- Associated Press - Thursday, October 21, 2010

LOS ANGELES | When NASA blasted a hole in the moon last year in search of water, scientists figured there would be a splash. They just didn’t know how big.

Now new results from the Hollywood-esque moonshot reveal lots of water in a crater where the sun never shines — 41 gallons of ice and vapor.

That may not sound like much — it’s what a typical washing machine uses for a load — but it’s almost twice as much as researchers measured initially and more than they ever expected to find.

The estimate represents only what scientists can see from the debris plume that was kicked up from the high-speed crash near the south pole by a NASA spacecraft on Oct. 9, 2009.

Mission chief scientist Anthony Colaprete of the NASA Ames Research Center calculates there could be 1 billion gallons of water in the crater that was hit — enough to fill 1,500 Olympic-sized swimming pools.

Mr. Colaprete likened the crater to an “oasis in a lunar desert.”

“The resources are there and potentially usable for future missions,” he said, adding that there could be more such craters at both the moon’s poles.

Proof that the moon is dynamic and not a dry, desolate world offers hope for a possible future astronaut outpost where water on site could be used for drinking or making rocket fuel.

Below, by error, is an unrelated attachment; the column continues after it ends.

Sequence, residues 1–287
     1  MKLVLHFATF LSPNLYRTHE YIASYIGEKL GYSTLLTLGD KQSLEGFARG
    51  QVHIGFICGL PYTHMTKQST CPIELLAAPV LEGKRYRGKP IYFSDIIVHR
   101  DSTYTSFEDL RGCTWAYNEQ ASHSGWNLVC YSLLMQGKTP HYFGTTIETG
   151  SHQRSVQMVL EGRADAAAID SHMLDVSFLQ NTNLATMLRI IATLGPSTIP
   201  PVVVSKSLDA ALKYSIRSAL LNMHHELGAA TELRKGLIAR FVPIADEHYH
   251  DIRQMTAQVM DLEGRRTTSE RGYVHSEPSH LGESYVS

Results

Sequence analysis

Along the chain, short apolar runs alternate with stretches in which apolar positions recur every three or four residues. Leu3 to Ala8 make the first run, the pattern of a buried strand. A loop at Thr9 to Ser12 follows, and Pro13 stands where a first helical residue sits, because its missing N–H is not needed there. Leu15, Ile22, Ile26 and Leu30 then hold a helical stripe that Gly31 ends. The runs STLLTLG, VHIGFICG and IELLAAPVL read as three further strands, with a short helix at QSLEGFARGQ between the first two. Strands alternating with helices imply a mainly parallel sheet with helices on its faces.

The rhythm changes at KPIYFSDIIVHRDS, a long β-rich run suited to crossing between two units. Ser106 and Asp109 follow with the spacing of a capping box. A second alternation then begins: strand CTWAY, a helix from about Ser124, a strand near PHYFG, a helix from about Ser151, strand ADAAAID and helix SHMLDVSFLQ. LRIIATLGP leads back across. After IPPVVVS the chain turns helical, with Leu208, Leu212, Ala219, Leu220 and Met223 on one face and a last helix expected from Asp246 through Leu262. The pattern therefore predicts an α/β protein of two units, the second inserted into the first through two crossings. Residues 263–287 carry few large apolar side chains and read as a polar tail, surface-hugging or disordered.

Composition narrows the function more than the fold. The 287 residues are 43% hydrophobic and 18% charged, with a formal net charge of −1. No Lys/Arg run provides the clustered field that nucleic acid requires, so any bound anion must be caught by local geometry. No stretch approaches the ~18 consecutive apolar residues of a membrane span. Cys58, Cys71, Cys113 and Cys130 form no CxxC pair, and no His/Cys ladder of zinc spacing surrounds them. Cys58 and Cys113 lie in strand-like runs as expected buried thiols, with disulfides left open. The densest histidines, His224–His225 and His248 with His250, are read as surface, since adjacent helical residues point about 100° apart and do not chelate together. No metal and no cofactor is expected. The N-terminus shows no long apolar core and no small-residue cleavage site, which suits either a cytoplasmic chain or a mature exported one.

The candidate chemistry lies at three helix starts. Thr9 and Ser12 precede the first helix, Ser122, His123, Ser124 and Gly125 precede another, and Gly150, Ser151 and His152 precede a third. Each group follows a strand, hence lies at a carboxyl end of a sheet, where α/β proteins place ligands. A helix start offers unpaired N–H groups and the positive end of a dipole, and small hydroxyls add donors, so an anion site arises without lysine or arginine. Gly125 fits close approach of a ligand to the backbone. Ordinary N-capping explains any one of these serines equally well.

But the scientists’ excitement is tempered by the political reality that there’s no plan by the United States to land on the moon anytime soon.

The $79 million moon mission known as the Lunar Crater Observation and Sensing Satellite, or LCROSS, was launched to determine whether water exists at the moon’s poles. Previous spacecraft spied hints of possible ice in polar craters.

The mission involved slamming a spent rocket into Cabeus crater. The crash carved a hole about one-quarter the size of a football field.

A trailing spacecraft then flew through the cloud of debris and dust thrown up by the collision and used its instruments to analyze what was inside before it also struck the moon.

Michael Wargo, chief lunar scientist at NASA headquarters, said the impact released “fluffy, snow-covered dirt.”

Besides water, the plume also contained carbon monoxide, carbon dioxide, ammonia, sodium, mercury and silver. The findings were published in Friday’s issue of the journal Science.

How the soup of compounds became trapped in Cabeus crater, among the coldest places in the solar system, is not clear. One theory is that they came from comets and asteroids, which pounded the lunar surface billions of years ago, and later drifted to the poles.

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